Steer your own in-flight experience – available on print and digital Whether our classic glossy magazine in your letterbox, daily news updates in your inbox, peeling back a few layers in the podcast or our monthly current affair reports, you can count on us to keep you up to date. Sign up today for just $99.95 for more exclusive offers here. Subscribe now at australianaviation.com.au.

8 Comments

  • David

    says:

    My understanding was that it is 67 Business and 94 Premium Economy seats.

    • australianaviation.com.au

      says:

      Hi David.
      Indeed you are correct. Apologies for accidentally omitting the word premium. The story has been corrected.

  • Geoff

    says:

    A magnificent milestone for Singapore Airlines and Airbus with their stunning new ULR version of the A350XWB. This is one fantastic aircraft. The quietest and most pleasant interior (much higher humidity and cabin pressure), its large windows and very spacious width certainly assist pax for a more enjoyable experience over these long sectors.

    Congratulations to all involved.

    This service will prove popular and

  • Mike

    says:

    Singapore-New York in 17 and a half hours! That’s a very long time for any passenger, however spare a thought for the men and women who crew the flights. A typical “earthling’s” work day is say 9am to 5pm, that’s eight hours at the office. These ultra long haul crew are doing DOUBLE that plus some as they have to be at work well before takeoff! They might get a day or maybe two at their destination, all the while struggling with jet lag due to the huge time difference between body clock and local time, then they have to board the return flight for the two-working day sector home….and appear fresh and smiling the whole way for the passengers.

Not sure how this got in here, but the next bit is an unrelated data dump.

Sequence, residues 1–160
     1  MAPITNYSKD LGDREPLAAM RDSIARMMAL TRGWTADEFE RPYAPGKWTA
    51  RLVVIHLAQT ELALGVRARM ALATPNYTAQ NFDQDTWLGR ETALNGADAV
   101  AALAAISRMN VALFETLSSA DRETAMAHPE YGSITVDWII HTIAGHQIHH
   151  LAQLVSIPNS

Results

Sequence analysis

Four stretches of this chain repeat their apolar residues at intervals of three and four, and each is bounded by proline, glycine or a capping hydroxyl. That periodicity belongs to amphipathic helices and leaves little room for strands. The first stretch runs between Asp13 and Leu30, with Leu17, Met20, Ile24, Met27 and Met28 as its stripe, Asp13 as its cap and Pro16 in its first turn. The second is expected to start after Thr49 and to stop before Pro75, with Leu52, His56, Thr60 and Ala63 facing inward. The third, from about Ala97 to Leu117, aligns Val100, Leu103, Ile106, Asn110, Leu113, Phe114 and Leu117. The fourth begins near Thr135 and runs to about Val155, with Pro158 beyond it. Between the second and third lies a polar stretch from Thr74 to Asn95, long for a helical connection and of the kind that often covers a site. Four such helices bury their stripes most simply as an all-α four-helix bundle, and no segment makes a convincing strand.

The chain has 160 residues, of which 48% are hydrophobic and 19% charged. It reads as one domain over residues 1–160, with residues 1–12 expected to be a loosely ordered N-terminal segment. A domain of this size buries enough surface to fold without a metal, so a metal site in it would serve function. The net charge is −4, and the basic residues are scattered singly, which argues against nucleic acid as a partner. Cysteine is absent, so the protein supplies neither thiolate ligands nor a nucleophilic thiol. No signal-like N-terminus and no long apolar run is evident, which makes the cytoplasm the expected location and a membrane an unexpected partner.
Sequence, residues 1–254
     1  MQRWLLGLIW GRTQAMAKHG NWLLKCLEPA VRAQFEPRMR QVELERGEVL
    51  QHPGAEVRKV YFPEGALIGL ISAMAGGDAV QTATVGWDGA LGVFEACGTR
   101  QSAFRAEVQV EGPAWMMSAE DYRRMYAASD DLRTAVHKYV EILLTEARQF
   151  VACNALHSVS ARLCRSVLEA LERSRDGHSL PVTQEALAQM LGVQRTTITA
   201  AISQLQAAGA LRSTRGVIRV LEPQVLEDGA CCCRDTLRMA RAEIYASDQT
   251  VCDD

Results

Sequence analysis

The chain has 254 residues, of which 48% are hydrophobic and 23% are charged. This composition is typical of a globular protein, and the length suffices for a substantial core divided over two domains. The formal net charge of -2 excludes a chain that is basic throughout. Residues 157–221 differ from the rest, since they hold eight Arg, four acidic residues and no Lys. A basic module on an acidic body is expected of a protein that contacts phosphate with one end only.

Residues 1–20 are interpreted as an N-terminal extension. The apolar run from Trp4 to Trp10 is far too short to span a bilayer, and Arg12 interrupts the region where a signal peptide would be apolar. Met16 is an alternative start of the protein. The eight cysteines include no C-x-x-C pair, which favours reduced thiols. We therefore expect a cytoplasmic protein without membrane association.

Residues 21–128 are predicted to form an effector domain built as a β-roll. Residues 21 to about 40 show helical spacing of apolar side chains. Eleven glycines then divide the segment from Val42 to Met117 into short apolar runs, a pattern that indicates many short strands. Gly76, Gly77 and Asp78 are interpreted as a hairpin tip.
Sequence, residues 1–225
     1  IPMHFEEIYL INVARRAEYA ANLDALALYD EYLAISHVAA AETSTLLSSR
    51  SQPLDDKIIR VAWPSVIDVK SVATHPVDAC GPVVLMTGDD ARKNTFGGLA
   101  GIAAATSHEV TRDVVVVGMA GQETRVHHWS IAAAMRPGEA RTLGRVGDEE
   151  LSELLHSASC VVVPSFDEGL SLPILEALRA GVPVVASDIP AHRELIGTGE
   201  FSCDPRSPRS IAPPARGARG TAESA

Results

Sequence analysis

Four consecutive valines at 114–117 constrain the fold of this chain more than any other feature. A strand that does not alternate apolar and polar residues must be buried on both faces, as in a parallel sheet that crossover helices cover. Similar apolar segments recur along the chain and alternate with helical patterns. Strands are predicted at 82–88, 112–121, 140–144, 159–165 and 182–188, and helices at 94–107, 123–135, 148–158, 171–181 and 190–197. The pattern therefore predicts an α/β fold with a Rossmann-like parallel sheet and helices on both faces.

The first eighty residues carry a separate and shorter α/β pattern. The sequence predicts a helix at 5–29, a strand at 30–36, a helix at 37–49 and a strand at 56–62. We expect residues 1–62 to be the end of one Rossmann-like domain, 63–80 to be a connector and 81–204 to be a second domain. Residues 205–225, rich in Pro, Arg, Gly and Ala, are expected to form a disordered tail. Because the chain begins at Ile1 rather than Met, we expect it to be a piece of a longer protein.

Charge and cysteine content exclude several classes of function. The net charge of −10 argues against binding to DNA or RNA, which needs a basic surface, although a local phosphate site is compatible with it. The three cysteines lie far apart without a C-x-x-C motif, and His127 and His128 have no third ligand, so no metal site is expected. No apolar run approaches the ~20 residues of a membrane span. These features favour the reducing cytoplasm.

These long flights might sound wonderful from a passenger’s perspective as you don’t have to transit somewhere along the way and can sleep whenever you like enroute. Just spare a thought however for your crew who are really going above and way beyond to get you there!
    They’ll have a couple of days off at home with their family and loved ones then do it all again, and again and again…
    If your crew member looks a little tired, just be understanding.

  • James

    says:

    @ Mike

    Calm down. They’re not conscripted into the job. I’m sure they have rest areas on board as do the flight crew. You can’t tell me that all the flight attendants are running around whilst everyone sleeps.

    It’s their job. They do ok out of it and if they didn’t they’d quit.

  • Mike

    says:

    @James, you’re right, being a cabin or cockpit crew member seems to be such a highly sought occupation there wouldn’t be any need for conscription. And yes crew do, of course, have very necessary rest breaks inflight.
    You missed the point, James. I was merely drawing attention to the reality of the extremely long hours the crew will routinely work on these new ultra long flights. Few passengers (or some readers, apparently) would give any thought to this fact.
    As a caring human being who might some day be a passenger on an ultra long haul flight, I was simply and quite calmly sharing with others my empathy for the crew working such long hours. I give them full credit for the demanding job they do. Yes it is their job!

  • Geoff

    says:

    Well explained Mike. Good and reasonable comments.

  • James

    says:

    @ Mike

    I understood your point. Guess I should fold into your way of thinking and bow down to all of us that work in the airline game.

    By the way, do you?..

Leave a Comment to Mike Cancel

Your email address will not be published. Required fields are marked *